Frequently Asked Questions (FAQ)#

DataFrame memory usage#

The memory usage of a DataFrame (including the index) is shown when calling the info(). A configuration option, display.memory_usage (see the list of options), specifies if the DataFrame memory usage will be displayed when invoking the info() method.

For example, the memory usage of the DataFrame below is shown when calling info():

In [1]: dtypes = [
   ...:     "int64",
   ...:     "float64",
   ...:     "datetime64[ns]",
   ...:     "timedelta64[ns]",
   ...:     "complex128",
   ...:     "object",
   ...:     "bool",
   ...: ]
   ...: 

In [2]: n = 5000

In [3]: data = {t: np.random.randint(100, size=n).astype(t) for t in dtypes}

In [4]: df = pd.DataFrame(data)

In [5]: df["categorical"] = df["object"].astype("category")

In [6]: df.info()
<class 'pandas.DataFrame'>
RangeIndex: 5000 entries, 0 to 4999
Data columns (total 8 columns):
 #   Column           Non-Null Count  Dtype          
---  ------           --------------  -----          
 0   int64            5000 non-null   int64          
 1   float64          5000 non-null   float64        
 2   datetime64[ns]   5000 non-null   datetime64[ns] 
 3   timedelta64[ns]  5000 non-null   timedelta64[ns]
 4   complex128       5000 non-null   complex128     
 5   object           5000 non-null   object         
 6   bool             5000 non-null   bool           
 7   categorical      5000 non-null   category       
dtypes: bool(1), category(1), complex128(1), datetime64[ns](1), float64(1), int64(1), object(1), timedelta64[ns](1)
memory usage: 284.1+ KB

The + symbol indicates that the true memory usage could be higher, because pandas does not count the memory used by values in columns with dtype=object.

Passing memory_usage='deep' will enable a more accurate memory usage report, accounting for the full usage of the contained objects. This is optional as it can be expensive to do this deeper introspection.

In [7]: df.info(memory_usage="deep")
<class 'pandas.DataFrame'>
RangeIndex: 5000 entries, 0 to 4999
Data columns (total 8 columns):
 #   Column           Non-Null Count  Dtype          
---  ------           --------------  -----          
 0   int64            5000 non-null   int64          
 1   float64          5000 non-null   float64        
 2   datetime64[ns]   5000 non-null   datetime64[ns] 
 3   timedelta64[ns]  5000 non-null   timedelta64[ns]
 4   complex128       5000 non-null   complex128     
 5   object           5000 non-null   object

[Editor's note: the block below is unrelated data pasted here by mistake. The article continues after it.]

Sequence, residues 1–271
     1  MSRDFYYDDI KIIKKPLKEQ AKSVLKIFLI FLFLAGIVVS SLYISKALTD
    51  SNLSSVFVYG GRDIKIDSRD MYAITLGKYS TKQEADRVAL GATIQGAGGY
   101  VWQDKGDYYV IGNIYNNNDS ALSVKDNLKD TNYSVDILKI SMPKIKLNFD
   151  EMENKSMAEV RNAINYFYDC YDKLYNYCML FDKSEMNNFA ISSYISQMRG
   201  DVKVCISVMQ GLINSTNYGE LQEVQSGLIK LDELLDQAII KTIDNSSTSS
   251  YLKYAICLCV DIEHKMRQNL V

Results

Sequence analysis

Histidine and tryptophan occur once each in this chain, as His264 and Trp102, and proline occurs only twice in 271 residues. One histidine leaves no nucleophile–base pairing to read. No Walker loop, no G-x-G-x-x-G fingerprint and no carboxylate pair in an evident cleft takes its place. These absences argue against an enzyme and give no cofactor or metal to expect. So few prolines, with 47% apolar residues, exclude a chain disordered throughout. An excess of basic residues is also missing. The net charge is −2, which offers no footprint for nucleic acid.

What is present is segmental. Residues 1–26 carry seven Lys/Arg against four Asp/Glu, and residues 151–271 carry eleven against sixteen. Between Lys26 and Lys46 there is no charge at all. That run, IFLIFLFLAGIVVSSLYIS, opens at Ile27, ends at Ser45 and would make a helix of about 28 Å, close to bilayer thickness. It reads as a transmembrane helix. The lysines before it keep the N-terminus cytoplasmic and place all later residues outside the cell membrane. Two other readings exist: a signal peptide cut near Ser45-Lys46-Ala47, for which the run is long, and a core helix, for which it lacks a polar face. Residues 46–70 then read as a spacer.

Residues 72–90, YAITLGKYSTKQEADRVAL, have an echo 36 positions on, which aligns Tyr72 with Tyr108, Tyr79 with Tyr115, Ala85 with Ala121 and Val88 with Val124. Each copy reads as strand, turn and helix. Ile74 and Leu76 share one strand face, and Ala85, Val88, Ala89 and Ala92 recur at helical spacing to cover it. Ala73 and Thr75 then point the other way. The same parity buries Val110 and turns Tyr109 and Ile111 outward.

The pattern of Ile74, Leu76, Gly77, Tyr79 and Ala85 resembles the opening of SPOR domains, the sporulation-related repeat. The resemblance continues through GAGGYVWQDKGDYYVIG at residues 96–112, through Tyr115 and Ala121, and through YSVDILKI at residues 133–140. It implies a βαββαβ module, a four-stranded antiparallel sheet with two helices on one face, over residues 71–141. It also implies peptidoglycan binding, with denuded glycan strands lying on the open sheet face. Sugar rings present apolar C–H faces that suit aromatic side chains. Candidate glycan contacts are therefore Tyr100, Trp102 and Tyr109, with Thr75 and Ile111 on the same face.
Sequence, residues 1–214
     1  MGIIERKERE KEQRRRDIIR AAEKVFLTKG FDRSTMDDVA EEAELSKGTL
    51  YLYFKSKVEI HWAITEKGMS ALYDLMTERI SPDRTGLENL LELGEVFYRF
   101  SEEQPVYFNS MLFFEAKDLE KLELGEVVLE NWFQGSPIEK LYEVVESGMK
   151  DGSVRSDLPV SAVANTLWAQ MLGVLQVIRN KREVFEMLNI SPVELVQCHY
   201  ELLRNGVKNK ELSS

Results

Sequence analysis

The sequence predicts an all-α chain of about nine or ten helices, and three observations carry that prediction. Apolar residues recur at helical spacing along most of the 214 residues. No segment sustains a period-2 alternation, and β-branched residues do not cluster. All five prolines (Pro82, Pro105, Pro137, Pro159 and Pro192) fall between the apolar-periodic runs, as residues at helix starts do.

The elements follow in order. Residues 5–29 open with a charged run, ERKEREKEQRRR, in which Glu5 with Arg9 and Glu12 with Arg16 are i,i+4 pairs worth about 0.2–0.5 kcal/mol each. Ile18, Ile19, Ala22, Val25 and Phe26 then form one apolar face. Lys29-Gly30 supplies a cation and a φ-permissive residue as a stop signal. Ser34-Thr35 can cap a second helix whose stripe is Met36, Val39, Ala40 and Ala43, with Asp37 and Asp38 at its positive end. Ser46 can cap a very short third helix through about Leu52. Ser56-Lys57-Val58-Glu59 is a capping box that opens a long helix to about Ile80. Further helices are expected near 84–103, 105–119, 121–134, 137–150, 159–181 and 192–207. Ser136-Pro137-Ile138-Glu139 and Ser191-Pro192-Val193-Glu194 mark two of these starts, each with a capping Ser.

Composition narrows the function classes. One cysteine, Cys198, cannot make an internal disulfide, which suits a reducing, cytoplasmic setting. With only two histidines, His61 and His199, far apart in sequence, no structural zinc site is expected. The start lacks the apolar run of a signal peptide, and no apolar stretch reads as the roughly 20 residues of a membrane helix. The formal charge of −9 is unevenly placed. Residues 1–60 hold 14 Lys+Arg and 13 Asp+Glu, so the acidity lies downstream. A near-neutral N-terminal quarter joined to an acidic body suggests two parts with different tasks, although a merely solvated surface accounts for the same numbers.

6   bool             5000 non-null   bool           
 7   categorical      5000 non-null   category       
dtypes: bool(1), category(1), complex128(1), datetime64[ns](1), float64(1), int64(1), object(1), timedelta64[ns](1)
memory usage: 420.6 KB

By default the display option is set to True but can be explicitly overridden by passing the memory_usage argument when invoking info().

The memory usage of each column can be found by calling the memory_usage() method. This returns a Series with an index represented by column names and memory usage of each column shown in bytes. For the DataFrame above, the memory usage of each column and the total memory usage can be found with the memory_usage() method:

In [8]: df.memory_usage()
Out[8]: 
Index                128
int64              40000
float64            40000
datetime64[ns]     40000
timedelta64[ns]    40000
complex128         80000
object             40000
bool                5000
categorical         5800
dtype: int64

# total memory usage of dataframe
In [9]: df.memory_usage().sum()
Out[9]: 290928

By default the memory usage of the DataFrame index is shown in the returned Series, the memory usage of the index can be suppressed by passing the index=False argument:

In [10]: df.memory_usage(index=False)
Out[10]: 
int64              40000
float64            40000
datetime64[ns]     40000
timedelta64[ns]    40000
complex128         80000
object             40000
bool                5000
categorical         5800
dtype: int64

The memory usage displayed by the info() method utilizes the memory_usage() method to determine the memory usage of a DataFrame while also formatting the output in human-readable units (base-2 representation; i.e. 1KB = 1024 bytes).

See also Categorical Memory Usage.

Using if/truth statements with pandas#

pandas follows the NumPy convention of raising an error when you try to convert something to a bool. This happens in an if-statement or when using the boolean operations: and, or, and not. It is not clear what the result of the following code should be: